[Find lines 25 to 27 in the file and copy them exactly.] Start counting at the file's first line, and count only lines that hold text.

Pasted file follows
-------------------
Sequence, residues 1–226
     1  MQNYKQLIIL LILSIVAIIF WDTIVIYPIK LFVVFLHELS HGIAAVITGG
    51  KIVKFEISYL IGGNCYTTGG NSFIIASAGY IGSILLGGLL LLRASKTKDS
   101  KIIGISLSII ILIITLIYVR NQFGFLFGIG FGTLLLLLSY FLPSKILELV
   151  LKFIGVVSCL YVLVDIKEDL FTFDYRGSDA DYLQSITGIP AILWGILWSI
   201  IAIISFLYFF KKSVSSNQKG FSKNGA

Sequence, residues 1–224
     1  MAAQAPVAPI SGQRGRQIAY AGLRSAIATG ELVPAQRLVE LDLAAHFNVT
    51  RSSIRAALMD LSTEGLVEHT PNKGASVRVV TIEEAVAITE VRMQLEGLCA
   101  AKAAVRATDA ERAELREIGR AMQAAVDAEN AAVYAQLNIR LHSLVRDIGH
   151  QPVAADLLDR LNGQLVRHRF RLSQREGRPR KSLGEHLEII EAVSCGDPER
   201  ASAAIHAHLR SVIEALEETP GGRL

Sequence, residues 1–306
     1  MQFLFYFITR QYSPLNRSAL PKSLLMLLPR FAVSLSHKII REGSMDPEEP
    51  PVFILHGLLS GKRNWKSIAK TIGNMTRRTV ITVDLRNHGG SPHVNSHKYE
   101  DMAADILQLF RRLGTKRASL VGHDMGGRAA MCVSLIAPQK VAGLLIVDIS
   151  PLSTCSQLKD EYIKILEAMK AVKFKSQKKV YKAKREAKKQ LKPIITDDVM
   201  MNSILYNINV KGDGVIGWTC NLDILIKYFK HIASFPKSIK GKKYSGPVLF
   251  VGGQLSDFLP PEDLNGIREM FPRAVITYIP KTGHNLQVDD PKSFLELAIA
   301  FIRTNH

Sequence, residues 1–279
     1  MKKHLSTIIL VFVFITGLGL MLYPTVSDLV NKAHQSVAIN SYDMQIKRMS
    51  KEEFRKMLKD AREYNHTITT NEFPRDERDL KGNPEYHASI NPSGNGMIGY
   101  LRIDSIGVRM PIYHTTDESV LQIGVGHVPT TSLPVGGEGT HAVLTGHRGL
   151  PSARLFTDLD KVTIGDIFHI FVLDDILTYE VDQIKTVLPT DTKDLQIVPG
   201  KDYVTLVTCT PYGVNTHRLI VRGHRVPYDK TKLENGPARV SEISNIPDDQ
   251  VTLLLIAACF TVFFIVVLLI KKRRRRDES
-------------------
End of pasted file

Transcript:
   151  PSARLFTDLD KVTIGDIFHI FVLDDILTYE VDQIKTVLPT DTKDLQIVPG
   201  KDYVTLVTCT PYGVNTHRLI VRGHRVPYDK TKLENGPARV SEISNIPDDQ
   251  VTLLLIAACF TVFFIVVLLI KKRRRRDES